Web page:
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A Plant-Produced Pfs230 Vaccine Candidate Blocks Transmission of Plasmodium falciparum▿†

By Christine E. Farrance, Amy Rhee, R. Mark Jones, Konstantin Musiychuk, Moneim Shamloul, Satish Sharma, Vadim Mett, Jessica A. Chichester, Stephen J. Streatfield, Will Roeffen, Marga van de Vegte-Bolmer, Robert W. Sauerwein, Takafumi Tsuboi, Olga V. Muratova, Yimin Wu and Vidadi Yusibov


Plasmodium falciparum is transmitted to a new host after completing its sexual cycle within a mosquito. Developing vaccines against the parasite sexual stages is a critical component in the fight against malaria. We are targeting multiple proteins of P. falciparum which are found only on the surfaces of the sexual forms of the parasite and where antibodies against these proteins have been shown to block the progression of the parasite's life cycle in the mosquito and thus block transmission to the next human host. We have successfully produced a region of the Pfs230 antigen in our plant-based transient-expression system and evaluated this vaccine candidate in an animal model. This plant-produced protein, 230CMB, is expressed at approximately 800 mg/kg in fresh whole leaf tissue and is 100% soluble. Administration of 230CMB with >90% purity induces strong immune responses in rabbits with high titers of transmission-blocking antibodies, resulting in a greater than 99% reduction in oocyst counts in the presence of complement, as determined by a standard membrane feeding assay. Our data provide a clear perspective on the clinical development of a Pfs230-based transmission-blocking malaria vaccine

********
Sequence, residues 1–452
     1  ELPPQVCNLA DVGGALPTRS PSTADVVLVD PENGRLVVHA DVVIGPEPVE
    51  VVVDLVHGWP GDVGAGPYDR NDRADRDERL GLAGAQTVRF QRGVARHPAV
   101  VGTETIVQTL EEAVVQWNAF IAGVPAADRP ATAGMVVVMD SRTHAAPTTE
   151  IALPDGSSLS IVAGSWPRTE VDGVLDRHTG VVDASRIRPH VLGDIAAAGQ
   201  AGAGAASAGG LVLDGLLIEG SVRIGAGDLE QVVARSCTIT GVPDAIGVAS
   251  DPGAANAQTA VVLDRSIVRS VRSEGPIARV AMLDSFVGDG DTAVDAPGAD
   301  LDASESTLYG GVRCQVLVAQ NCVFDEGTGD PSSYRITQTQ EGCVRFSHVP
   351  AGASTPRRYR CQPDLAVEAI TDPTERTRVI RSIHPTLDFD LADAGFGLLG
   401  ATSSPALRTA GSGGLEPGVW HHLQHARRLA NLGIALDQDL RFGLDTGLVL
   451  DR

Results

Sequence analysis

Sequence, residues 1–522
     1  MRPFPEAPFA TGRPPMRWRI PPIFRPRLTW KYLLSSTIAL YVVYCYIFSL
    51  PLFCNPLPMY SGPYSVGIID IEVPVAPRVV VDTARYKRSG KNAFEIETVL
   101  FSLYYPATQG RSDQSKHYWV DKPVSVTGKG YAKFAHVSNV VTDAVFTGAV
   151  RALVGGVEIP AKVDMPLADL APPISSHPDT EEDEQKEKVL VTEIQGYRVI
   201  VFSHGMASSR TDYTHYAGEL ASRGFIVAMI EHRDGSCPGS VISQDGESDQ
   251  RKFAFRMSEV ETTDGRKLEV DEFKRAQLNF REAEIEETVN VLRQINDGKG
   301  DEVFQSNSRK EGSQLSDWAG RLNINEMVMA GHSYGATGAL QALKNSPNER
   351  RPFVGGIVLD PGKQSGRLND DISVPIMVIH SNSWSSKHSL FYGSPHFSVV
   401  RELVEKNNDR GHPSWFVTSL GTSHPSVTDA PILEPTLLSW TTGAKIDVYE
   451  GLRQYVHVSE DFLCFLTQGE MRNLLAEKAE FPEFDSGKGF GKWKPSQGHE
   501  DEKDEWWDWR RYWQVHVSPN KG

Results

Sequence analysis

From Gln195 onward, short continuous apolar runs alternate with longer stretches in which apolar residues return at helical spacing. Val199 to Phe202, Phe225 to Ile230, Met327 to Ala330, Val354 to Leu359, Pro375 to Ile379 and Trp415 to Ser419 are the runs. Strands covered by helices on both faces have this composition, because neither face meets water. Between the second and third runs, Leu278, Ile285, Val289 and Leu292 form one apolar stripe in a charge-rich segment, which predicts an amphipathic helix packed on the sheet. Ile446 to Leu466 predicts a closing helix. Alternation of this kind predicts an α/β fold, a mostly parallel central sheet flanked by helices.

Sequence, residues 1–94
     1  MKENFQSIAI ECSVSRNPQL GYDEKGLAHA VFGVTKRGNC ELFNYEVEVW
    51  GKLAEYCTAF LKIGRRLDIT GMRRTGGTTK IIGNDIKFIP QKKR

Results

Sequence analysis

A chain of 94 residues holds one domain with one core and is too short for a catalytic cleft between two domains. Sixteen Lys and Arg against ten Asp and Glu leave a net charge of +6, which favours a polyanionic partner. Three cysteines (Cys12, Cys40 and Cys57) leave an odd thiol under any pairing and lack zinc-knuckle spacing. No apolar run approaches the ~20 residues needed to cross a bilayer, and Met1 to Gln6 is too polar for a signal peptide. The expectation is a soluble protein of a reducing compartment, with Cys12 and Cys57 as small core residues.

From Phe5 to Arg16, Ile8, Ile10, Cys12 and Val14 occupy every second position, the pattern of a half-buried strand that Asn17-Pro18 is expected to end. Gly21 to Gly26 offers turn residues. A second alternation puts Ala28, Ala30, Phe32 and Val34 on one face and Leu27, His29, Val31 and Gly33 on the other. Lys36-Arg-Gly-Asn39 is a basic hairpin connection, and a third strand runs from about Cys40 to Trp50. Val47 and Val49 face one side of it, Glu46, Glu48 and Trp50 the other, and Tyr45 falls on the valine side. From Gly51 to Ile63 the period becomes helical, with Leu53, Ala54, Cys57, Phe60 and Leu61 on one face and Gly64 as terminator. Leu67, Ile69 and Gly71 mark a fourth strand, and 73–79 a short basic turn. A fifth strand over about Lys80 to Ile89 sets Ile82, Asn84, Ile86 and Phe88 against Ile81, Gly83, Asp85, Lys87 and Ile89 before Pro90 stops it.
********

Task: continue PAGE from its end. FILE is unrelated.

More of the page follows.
Topics: Vaccine Research
Publisher: American Society for Microbiology
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Provided by: PubMed Central
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